By Jenna Teacake
Every afternoon, I go to the commons where Jess hangs out after school. I don’t go there to see Jess. I go there to buy blue Gatorade and white cheddar Cheez-Its from the vending machines before cheer practice.
But Jess is always there. She’s always sitting casually at the table by the window. Always sipping a bottle of water. Always wearing those baggy jeans with the chains on the side.
When I show up today with my quarters jingling in my purse, she smirks and says, “’Sup.”
I chuckle and reply, “’Sup to you too.”
This is how our fifteen minutes of playful banter begins. It’s our afternoon ritual, as predictable to me as the plot of Grease: my favorite movie of all time.
Jess is a freshman like me, which is surprising because she has the aura of someone much older and more confident. It’s something about the way she talks. She’ll make these snarky comments about my cheer outfits, and if anyone else were to sarcastically call my massive white hairbow “adorable,” I’d probably want to punch them in the face. However, the way Jess says it in her low, raspy voice…with her twisted little grin…well, it’s kind of exciting.
I guess it’s just nice to go back and forth with someone. I don’t have witty repartees with any of the cheerleaders, after all. They don’t talk to me much.
That’s why it’s so weird when our team captain, Megan, approaches me when I join the rest of the girls at our practice space in the hallway.
“Hey,” I mutter, setting my purse against the wall.
“Hey…” Megan looks me up and down and smiles, her eyes wide. It makes me uneasy.
“Are you friends with that Jess girl?” she blurts.
I’m not sure where this question is coming from. “Not really. Kind of. I don’t know.”
Megan glances to the side. When I follow her gaze, I see that she is looking at Jess. Jess is heading for the school’s exit, chains clinking, cello case in hand.
“You know that she’s… gay… right?” Megan whispers the word “gay” and giggles. It reminds me of how I used to say cuss words when I was in seventh grade.
Jess catches my eye then and gives me a quick wave. Something twitches in my chest. I make myself look away.
“Yeah,” I try to say lightly. “I know.”
A knowing smirk tugs at the corners of Megan’s mouth. I must be blinking too much—I always do that when I get nervous. I sit on the tile floor and begin to stretch, touching my toes so I can hide my face in my knees. I hope that Megan will leave me alone.
Unfortunately, she plops down next to me.
For a while, there is a restless sort of silence.
“So…” she finally starts.
I sigh. “So what?”
“Are you gay then?”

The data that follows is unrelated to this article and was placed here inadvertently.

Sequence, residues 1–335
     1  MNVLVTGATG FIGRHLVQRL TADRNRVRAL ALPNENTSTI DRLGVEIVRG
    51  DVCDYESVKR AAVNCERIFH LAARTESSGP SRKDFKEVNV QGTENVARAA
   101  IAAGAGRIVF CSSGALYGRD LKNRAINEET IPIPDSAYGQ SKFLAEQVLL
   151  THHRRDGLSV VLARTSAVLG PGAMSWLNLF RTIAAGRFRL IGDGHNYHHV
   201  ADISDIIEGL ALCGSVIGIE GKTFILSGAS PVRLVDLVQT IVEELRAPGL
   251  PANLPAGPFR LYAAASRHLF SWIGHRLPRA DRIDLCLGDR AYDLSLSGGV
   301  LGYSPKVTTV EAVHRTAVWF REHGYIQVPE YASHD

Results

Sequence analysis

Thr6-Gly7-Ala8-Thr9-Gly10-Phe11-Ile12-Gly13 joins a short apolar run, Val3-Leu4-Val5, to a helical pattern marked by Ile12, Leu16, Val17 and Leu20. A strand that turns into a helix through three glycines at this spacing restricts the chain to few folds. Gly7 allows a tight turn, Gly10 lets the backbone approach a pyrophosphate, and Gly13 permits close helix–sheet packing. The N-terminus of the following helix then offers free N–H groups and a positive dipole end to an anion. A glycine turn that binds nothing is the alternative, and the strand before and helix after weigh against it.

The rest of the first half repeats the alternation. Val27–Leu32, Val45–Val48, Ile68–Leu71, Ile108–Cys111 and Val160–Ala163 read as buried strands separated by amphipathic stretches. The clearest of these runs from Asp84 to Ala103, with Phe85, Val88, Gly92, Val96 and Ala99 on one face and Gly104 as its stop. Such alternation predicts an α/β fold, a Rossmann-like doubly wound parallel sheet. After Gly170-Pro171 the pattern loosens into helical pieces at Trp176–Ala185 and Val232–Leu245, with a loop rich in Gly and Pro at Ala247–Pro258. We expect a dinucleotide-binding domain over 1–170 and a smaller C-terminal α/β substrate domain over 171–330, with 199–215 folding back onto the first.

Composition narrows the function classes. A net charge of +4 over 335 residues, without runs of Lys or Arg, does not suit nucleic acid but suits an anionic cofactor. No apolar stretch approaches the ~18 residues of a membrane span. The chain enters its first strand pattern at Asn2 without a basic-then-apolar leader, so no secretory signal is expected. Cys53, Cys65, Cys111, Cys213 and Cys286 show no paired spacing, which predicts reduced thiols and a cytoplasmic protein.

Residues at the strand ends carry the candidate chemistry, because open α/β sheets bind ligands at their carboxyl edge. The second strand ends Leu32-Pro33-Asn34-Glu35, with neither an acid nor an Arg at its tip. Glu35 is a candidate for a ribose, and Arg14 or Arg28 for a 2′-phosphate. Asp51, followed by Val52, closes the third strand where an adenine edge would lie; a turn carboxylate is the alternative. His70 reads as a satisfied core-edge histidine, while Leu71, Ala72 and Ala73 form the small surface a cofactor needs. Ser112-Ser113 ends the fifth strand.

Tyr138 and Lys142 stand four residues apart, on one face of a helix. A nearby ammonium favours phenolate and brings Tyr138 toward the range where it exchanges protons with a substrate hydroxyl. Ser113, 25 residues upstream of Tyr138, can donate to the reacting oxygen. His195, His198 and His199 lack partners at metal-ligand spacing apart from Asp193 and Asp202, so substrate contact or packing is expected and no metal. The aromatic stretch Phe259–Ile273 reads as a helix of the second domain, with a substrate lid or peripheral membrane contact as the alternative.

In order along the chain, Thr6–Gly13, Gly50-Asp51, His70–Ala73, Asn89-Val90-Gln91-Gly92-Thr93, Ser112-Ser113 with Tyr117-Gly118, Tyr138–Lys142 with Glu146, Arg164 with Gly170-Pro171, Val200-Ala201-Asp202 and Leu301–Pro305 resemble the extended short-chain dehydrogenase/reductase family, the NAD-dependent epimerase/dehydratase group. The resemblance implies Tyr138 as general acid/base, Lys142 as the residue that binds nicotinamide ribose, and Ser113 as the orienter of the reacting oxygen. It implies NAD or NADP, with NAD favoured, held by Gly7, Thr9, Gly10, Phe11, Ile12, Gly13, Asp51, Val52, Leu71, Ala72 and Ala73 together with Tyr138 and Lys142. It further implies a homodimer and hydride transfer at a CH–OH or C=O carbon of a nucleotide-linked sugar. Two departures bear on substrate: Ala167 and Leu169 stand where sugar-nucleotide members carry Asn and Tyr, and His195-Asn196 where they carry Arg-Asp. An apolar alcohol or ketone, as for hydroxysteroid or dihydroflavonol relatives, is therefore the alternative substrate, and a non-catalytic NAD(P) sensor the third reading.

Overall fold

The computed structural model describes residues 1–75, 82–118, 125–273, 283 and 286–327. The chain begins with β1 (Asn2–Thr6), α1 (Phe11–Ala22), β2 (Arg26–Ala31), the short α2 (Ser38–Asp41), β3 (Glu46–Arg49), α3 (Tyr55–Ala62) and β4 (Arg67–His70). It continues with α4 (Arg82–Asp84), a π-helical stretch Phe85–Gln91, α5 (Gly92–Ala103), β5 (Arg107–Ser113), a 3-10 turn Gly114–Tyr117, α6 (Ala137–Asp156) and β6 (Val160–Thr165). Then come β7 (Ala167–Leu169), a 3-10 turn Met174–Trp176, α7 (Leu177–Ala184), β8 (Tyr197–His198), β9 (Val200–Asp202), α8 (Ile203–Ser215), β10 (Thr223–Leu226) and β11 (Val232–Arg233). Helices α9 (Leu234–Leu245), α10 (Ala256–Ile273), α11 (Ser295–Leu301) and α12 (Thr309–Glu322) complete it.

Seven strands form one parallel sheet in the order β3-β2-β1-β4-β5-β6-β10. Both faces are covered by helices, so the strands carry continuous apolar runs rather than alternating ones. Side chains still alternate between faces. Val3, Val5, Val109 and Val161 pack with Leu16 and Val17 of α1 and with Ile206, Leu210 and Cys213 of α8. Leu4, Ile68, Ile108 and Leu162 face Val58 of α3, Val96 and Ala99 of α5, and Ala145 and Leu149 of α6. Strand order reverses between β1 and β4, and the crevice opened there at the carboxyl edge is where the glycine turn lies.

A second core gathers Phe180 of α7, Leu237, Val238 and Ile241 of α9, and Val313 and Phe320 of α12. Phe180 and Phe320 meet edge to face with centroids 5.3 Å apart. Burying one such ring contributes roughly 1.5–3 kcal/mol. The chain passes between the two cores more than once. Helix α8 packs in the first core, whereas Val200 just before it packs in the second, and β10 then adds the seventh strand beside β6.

My pulse quickens. “Uh, no.”
She peers at me quizzically. “Are you sure?”
“I can’t be. I have a boyfriend.”
And it’s true. I adore Michael. We’ve been together for over a year now. He’s tall and dynamic with dark curly hair and a fiery kiss that I’ve written poems about at three o’clock in the morning.
And yet, my heart feels heavy.
“Oh, right! Sorry,” she says, looking flustered. Or relieved, perhaps.
“You guys are…cute together.”
She doesn’t mean this. She probably doesn’t even know who Michael is.
“Thanks.” I force a smile.
At last, Megan goes to talk to somebody else. I take a deep breath, unsure how to process what just happened.
No one has ever thought I could be gay like Jess. I should probably feel offended that someone would lump me together with her.
But when I think about Jess—her buzzcut, big boots, and blue eyes—I don’t feel offended by the comparison at all.
Jess is the only gay person I’ve ever met in real life. Before her, I thought gay people only existed in the fanfiction I sometimes stumbled upon in the dark corners of LiveJournal. Now that I know Jess—a girl who openly talks about pride parades and ex-girlfriends, a badass who cuts her hair short and takes up space—I’ve definitely learned more about the world. Maybe that’s why I like to talk to her so much. She expands my mind.
Sometimes I wonder what it’s like to discover that you’re gay. Obviously, I’ll never know, since I’m attracted to boys. Maybe I should ask Jess how she found out. It would be interesting to learn about, anyway.
My thoughts are interrupted when our coach announces that it’s time to start the warm-up, which involves running laps throughout the school’s halls. I reluctantly oblige, standing up and starting to jog toward the social studies wing.
After a few seconds, I’m bored, so I create a movie scene in my mind.
I picture Jess walking through the hall in slow motion, holding another girl’s hand. I imagine that the girl holding her hand is a cheerleader, and she has long hair in a ponytail, like me. The two girls look so bizarre together because they’re total opposites, but somehow it just works. They’re just like Danny and Sandy from Grease… you know, in a universe where Dannyis a brash, black-clothed girl, and Sandy never abandons her preppy attire for a catsuit. As they walk by, other students stare at them, but Jess and her nameless, faceless lover do not care. They just smile and keep holding hands.
I don’t know why, but that image makes me happy.
Jenna Teacake is a bi educator and influencer. They are passionate about spreading bi positivity, reading, drawing, doing makeup, and snuggling with cats.